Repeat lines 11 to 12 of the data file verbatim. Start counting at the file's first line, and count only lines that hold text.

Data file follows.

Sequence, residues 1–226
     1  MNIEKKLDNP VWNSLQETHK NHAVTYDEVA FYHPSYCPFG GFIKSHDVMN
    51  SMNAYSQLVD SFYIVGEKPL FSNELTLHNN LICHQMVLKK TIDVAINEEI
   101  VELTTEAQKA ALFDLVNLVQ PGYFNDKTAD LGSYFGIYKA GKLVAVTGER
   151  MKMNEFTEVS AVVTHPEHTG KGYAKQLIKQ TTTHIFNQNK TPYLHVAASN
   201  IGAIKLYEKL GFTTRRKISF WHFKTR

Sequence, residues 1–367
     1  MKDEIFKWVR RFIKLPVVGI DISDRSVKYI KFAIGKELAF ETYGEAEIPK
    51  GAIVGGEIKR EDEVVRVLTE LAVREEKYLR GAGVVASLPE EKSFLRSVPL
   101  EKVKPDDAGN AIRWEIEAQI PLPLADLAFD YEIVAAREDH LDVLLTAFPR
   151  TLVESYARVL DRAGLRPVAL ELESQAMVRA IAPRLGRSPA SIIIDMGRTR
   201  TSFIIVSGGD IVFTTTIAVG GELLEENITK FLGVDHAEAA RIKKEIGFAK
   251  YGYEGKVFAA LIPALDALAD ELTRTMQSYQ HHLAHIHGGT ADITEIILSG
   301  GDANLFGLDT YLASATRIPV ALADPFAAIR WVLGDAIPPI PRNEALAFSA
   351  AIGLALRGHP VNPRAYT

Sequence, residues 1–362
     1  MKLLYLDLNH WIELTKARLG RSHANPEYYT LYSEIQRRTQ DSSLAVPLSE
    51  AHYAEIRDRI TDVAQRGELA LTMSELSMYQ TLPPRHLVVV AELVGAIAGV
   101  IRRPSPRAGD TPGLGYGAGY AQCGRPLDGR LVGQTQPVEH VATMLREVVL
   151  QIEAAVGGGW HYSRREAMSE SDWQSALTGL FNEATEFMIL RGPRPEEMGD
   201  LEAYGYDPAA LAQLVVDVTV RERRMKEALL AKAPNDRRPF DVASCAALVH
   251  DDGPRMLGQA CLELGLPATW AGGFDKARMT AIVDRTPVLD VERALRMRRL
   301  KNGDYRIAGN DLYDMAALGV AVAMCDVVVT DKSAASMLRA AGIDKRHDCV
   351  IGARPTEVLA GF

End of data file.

   151  TLVESYARVL DRAGLRPVAL ELESQAMVRA IAPRLGRSPA SIIIDMGRTR
   201  TSFIIVSGGD IVFTTTIAVG GELLEENITK FLGVDHAEAA RIKKEIGFAK